Hip Arthritis

Like any joint, the hip joint can deteriorate and wear out. The degree of deterioration can vary of course and it goes in stages. First the cartilage thins out and the joint space decreases. At that stage treatment can have a significant impact and decrease pain levels. If you then continue to stretch and exercise appropriately it may halt the course of the degeneration. The next stage is when the cartilage wears out and bone beings to rub on bone. At this stage it gets significantly harder to make an impact, but we can still have a reasonable degree of improvement so long as you are willing to get involved in the treatment process and do regular stretching and exercising.

The final stage is when the bone integrity is compromised and cysts form under the surface of it. At this stage the best we can do it control the symptoms to an extent with a view towards getting a hip replacement organised for you if the condition is limiting your daily activities sufficiently. At that final stage we have to ask the hard question: is the lack of mobility which a badly arthritic hip causes going to begin to affect your other areas such as your knees and lower back. We will discuss such factors with you in detail and help you find the solution you are most happy with.

Labral Problems

The hip joint carries a lot of weight so the body aims to try and create as much stability as possible. A labrum is a lip made of cartilage which runs along the edge of the joint and in a way 'grips' the head of your thigh bone as it inserts into the joint. With extreme movements the labrum can get pinched, torn and partially avulsed. This usually produces a deep seated pain around the hip area all around - from the outer side, in a circle around into the groin and back. There is always a particular range of movement which aggravates the condition greatly, whereas other ranges of movement can be quite free.

Small labral tears, irritations and avulsions are treated conservatively and by avoidance of aggravating activities. In general we prefer to get this diagnosed accurately via imaging if your response to treatment is not what we would expect. Once it is accurately diagnosed and we know that osteopathic treatment is appropriate, we can confidently persevere with the correct steps to get you the best possible result. If the damage to the labrum is significant enough, there may be a need for a small arthroscopic surgery. Generally you would be recovered back to normal walking / moving within about 3-4 weeks and then you can gradually get back into your usual activities as you had done before. Whilst we always look for all options to help you avoid surgery, if the other option is that the labral tear leads to gradual hip arthritis and then you end up needing a total hip replacement which takes much longer to recover from.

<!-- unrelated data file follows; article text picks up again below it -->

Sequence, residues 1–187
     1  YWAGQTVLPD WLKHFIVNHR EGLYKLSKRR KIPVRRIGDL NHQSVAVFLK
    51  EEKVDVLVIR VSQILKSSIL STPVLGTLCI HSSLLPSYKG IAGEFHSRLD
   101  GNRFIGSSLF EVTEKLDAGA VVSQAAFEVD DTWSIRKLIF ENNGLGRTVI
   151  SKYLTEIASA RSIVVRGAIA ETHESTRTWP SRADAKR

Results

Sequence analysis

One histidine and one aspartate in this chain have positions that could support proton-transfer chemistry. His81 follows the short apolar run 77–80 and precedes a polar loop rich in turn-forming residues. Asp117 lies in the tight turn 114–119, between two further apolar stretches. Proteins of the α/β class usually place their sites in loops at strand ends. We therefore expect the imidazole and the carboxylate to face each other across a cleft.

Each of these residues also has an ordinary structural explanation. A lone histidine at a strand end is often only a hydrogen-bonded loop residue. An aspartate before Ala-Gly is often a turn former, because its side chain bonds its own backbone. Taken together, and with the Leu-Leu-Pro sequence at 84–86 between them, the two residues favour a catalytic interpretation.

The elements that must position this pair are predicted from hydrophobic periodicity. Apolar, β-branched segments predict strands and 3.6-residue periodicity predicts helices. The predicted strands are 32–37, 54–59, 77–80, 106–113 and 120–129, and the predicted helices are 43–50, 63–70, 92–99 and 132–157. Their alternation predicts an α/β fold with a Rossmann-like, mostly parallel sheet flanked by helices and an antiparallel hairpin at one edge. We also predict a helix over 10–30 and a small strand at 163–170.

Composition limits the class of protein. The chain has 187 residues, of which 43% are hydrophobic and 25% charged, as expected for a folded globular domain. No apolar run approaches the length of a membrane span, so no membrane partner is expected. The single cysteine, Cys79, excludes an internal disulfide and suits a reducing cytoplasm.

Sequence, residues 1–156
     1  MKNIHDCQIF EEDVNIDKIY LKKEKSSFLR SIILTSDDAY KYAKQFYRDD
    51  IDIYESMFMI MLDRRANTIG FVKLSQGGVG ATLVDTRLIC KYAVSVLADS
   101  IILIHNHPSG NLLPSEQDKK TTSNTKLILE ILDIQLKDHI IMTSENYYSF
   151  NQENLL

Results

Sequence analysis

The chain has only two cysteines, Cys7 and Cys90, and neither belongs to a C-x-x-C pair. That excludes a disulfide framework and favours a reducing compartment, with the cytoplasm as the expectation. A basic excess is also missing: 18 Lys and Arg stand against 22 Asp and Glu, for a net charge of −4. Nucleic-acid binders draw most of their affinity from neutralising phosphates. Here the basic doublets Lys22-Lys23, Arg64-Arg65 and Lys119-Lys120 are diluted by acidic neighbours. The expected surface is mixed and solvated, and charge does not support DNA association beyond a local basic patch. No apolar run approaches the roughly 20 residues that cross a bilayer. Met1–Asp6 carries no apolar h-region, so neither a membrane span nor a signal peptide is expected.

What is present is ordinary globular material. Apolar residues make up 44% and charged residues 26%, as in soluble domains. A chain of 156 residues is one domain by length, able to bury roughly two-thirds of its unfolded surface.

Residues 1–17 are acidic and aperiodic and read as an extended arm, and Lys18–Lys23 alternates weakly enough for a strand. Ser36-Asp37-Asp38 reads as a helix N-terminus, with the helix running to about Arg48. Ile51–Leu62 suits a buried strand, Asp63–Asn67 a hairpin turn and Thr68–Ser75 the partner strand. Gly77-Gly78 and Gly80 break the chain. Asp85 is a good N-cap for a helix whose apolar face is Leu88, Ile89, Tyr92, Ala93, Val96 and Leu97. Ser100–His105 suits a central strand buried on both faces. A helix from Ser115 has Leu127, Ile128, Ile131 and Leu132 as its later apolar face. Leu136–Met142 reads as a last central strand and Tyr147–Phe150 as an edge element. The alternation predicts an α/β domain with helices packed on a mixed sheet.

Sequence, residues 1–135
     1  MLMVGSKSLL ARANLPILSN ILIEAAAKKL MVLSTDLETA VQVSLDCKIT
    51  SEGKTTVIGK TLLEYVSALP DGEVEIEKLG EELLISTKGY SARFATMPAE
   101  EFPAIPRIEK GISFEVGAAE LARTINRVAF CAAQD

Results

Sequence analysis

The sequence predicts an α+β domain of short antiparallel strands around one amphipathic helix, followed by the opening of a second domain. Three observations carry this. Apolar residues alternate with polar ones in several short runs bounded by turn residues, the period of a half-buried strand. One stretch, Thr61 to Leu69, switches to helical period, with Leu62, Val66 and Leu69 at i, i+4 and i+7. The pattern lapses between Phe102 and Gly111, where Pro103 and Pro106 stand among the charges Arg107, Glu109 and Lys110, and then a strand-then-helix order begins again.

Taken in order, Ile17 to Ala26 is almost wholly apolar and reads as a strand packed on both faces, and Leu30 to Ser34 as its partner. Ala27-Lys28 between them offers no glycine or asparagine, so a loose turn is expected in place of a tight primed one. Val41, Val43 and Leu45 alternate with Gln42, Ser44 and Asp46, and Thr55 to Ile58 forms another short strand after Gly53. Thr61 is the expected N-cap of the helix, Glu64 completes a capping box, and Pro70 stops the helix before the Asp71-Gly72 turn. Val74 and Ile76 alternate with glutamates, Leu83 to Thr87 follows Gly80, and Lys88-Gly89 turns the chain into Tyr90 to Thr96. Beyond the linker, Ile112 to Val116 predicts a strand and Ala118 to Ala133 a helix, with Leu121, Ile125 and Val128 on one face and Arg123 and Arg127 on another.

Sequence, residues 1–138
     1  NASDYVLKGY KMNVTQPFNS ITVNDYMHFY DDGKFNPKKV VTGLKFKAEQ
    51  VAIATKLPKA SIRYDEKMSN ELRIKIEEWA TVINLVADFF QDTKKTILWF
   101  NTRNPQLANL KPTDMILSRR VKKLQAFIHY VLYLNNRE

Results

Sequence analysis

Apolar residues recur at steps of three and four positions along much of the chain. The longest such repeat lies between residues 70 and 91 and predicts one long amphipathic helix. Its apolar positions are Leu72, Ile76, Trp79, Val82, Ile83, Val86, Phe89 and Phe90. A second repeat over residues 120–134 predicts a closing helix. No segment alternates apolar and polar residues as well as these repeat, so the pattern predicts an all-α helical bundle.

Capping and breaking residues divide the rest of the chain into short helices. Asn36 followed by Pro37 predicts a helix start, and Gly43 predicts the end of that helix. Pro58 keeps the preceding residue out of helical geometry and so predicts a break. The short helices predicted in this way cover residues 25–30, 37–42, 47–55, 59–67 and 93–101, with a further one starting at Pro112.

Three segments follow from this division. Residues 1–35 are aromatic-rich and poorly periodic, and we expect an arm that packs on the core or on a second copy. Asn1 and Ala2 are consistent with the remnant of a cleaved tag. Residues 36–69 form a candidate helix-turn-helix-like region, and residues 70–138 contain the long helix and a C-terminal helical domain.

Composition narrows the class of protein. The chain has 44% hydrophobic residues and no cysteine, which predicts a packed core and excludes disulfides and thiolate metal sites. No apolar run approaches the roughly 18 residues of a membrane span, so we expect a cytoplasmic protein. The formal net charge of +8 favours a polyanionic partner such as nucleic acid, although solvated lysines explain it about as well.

Referred Pain

Pain referral into the hip and pelvis can be very varied. The knee joint can refer up to the hip, the lower back muscles and joints can send pain into the hip and pelvis and the sacroiliac joints can send pain into the hip area too. Structural osteopathy can help address all of these easily. Organs which are in the lower abdomen and pelvis can also send pain into the wider area and appear to be pain coming from the mechanical structures. The difference is that organ related pain is not affected by mechanical stimulii. For example if your pain gets worse after a big, long walk then it is far more likely mechanical pain. If the pain is worst after having a large meal it is more likely related to your lower digestive system.

The most common organs which will affect the area are the gynaecological organs, bladder, ureters and the lower digestive system. In all of these cases it may be a simple restriction or organ movement which we can ease through visceral osteopathy. It may, however, be a more serious visceral condition in which case we would need to either organise further investigations or further treatment. We would of course discuss all options together with you in order to choose the approach you are most comfortable with.

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